The U.S. Constitution in Article 1, Section 8, Clause 7 states Congress “shall have power to establish post offices and post roads.”
Before the age of Internet and cellphones, mail was how we communicated with loved ones, did business and petitioned the government for a redress of our grievances.
Today, our world is very different from when Benjamin Franklin was the postmaster general. The Postal Service is not working efficiently, losing $25 million a day as mail volume decreases and costs go up.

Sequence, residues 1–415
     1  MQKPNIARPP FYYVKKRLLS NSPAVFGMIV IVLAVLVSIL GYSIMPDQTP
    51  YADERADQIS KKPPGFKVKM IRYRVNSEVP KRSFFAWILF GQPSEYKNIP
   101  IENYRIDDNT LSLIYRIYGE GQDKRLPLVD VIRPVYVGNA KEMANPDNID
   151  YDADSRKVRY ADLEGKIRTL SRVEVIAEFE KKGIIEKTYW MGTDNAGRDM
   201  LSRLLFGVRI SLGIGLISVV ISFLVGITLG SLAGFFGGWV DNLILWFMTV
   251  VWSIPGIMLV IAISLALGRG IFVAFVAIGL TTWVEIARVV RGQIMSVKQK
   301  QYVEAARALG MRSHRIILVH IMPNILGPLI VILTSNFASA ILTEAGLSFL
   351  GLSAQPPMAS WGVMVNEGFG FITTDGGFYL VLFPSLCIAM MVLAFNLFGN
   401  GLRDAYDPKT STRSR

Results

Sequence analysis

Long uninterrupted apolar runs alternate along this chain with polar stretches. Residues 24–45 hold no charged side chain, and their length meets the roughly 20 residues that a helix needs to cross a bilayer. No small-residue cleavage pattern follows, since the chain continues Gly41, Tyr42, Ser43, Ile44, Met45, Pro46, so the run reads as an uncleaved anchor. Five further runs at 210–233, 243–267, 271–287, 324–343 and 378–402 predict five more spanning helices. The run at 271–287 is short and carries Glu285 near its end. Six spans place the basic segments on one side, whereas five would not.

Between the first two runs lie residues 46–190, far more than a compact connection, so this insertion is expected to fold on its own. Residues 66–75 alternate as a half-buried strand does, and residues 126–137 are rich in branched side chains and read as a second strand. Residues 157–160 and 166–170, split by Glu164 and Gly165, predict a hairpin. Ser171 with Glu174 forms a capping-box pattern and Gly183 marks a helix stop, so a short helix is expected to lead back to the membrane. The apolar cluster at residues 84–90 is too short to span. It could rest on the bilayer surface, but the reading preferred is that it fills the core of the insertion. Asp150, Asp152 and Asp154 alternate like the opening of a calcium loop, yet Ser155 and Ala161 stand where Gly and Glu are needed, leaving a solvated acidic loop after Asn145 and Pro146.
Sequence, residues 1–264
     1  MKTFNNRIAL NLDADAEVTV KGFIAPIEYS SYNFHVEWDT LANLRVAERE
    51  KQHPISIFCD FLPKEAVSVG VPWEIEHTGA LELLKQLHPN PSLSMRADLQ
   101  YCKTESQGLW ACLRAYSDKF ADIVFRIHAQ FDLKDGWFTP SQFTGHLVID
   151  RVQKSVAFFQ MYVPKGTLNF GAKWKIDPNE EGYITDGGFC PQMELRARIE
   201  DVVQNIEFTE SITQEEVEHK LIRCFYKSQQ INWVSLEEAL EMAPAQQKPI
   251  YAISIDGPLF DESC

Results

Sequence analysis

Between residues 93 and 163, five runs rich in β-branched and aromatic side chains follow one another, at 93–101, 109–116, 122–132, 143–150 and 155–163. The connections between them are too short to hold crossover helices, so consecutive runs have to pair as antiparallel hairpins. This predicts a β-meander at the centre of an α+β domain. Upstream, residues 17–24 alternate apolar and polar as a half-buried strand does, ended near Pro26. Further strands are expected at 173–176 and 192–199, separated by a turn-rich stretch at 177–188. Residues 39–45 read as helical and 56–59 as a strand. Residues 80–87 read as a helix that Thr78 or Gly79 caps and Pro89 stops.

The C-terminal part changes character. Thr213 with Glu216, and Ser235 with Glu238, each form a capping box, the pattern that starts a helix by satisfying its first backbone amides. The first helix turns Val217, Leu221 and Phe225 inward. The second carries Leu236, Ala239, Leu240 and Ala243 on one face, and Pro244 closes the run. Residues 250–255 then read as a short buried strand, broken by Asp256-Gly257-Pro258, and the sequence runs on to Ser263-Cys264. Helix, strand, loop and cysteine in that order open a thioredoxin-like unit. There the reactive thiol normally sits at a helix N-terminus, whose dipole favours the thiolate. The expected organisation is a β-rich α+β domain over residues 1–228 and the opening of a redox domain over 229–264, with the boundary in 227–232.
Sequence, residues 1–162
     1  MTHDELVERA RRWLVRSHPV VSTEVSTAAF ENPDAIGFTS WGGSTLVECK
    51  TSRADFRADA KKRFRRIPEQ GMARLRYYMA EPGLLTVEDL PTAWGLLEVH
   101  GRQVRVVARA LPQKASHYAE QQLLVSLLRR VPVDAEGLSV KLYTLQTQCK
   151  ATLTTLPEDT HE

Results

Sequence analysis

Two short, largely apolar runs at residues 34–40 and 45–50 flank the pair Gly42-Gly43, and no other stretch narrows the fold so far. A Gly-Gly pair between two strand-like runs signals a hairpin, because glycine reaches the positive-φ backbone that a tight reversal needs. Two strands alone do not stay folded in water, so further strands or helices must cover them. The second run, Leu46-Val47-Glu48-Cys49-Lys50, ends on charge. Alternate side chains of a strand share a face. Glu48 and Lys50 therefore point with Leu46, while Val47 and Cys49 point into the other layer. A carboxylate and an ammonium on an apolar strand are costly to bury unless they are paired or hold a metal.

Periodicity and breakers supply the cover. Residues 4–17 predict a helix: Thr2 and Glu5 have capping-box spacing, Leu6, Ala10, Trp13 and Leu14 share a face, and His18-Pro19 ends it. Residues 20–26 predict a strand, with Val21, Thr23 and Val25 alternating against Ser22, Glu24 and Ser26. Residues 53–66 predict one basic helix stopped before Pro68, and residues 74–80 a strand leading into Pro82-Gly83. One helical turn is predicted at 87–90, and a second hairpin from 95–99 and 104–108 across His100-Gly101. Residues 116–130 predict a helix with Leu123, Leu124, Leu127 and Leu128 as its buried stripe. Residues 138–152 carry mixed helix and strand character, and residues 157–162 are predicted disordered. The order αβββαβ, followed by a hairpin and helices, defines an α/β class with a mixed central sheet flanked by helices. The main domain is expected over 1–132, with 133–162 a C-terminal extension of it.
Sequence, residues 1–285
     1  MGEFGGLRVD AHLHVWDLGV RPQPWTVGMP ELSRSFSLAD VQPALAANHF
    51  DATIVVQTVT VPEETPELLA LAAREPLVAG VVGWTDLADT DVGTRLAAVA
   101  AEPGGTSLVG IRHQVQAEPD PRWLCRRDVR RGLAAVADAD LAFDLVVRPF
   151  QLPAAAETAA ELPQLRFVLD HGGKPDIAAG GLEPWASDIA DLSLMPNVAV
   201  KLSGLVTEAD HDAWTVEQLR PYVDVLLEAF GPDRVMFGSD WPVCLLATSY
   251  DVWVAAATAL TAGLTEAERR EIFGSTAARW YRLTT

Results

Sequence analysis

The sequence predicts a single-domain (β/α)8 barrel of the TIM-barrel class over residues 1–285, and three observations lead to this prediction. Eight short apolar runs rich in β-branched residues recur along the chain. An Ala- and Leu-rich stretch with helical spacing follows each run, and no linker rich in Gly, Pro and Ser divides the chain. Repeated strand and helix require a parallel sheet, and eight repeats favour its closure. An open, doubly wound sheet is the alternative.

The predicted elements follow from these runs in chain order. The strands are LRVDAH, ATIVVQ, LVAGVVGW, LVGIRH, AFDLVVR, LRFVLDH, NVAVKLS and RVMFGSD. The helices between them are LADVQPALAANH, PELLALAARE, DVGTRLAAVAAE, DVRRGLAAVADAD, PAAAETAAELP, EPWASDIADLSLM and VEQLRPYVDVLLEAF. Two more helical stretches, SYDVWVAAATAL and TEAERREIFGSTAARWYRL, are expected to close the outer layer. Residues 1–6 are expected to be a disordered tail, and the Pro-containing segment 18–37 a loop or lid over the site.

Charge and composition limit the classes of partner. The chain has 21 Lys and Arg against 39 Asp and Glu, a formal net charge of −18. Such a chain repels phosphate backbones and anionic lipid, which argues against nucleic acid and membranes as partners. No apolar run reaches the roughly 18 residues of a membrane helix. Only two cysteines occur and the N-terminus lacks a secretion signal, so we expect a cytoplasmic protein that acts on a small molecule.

As chairman of the House subcommittee spearheading postal reform, I’ve held hearings looking at the issues from customers’, employees’, vendors’ and even competitors’ points of view.
All sides agreed that it’s not just about cutting costs but also finding innovative solutions that will save the United States Postal Service, make it stronger for future generations and keep the taxpayers off the hook for a bailout.